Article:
The atmosphere at restaurants is also very different in Europe. People spend a lot more time talking at the table and there is generally a much longer wait to get your food. You also have to ask for the check; unlike in America, everyone is taking their time and the server will almost never bring it to you on their own. It’s kind of nice though since you can just sit back and enjoy your meal and the people you’re with at the table for a while.

A tip that’s somewhat obvious- WEAR COMFORTABLE SHOES!! Even if you take public transportation to get around whatever cities you visit, you will still be walking for a majority of the day and it will definitely start to wear on you towards the end of your trip. In the first city we visited (Paris) we were able to walk around all day and just keep going, but by the end of our trip we usually needed to return to the hotel for an hour or two in the afternoon just to rest and take a break since we were so drained. Everyone in my family was wearing comfortable shoes; therefore, we would have completely died without them. The streets are often cobblestone and somewhat uneven so they are especially hard on your feet and it would be very difficult to walk on them in heels or anything of that sort.

The last thing I’ll mention in this post is to just be courteous to all of the locals and staff you interact with. Most people will speak some English at restaurants and tourist destinations if you are in a big city, but it’s still polite to ask first rather than assume they do and say a bunch of stuff they won’t understand. From my experience, the people in Italy were slightly more friendly than the people in France; however, both groups were overall very kind and helpful whenever we came into interaction. It helps to know some basic phrases in the language of the country you’re visiting- I would suggest knowing how to say hello, thank you, good morning/day, and goodbye at a bare minimum, and you may pick up some others during your trip as well. Be mindful of your actions in public (and your volume, Americans are loud!) and try not to stand out too much, even though you’ll probably still be identifiable as a tourist no matter what.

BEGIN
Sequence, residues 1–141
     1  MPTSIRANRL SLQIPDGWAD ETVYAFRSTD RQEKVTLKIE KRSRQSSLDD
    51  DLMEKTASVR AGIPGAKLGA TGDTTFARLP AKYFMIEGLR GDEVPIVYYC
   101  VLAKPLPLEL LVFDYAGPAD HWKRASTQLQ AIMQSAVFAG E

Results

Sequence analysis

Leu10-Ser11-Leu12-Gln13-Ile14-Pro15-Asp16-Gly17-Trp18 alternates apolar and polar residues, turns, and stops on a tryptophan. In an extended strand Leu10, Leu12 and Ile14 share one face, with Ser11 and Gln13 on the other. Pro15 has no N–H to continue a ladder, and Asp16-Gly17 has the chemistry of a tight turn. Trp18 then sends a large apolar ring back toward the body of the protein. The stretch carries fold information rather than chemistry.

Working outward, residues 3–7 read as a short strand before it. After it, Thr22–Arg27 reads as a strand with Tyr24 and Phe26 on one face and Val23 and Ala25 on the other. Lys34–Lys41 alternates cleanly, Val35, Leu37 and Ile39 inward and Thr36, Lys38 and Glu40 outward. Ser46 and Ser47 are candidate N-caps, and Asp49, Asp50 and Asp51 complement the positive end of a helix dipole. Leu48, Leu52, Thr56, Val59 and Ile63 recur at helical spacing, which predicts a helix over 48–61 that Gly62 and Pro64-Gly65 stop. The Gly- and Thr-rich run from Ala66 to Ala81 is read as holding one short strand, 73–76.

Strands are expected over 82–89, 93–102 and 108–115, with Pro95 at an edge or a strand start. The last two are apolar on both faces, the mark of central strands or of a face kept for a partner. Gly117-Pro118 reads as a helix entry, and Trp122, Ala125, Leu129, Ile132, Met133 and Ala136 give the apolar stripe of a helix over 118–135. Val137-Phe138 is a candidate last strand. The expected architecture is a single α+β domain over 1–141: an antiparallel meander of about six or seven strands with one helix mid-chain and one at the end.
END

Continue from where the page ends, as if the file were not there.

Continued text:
Above all, enjoy your trip!! It will most likely be one of the best experiences of your life and definitely a rich cultural immersion. My trip was definitely one of the highlights of my year and I can’t wait to go back and explore more of the world in the future. If there’s bumps in the road, don’t sweat it- just keep moving, it happens to everyone. I hope you all have the best time on your travels, stay tuned for more content! This may be my last travel related post for now, but new and exciting things are to come.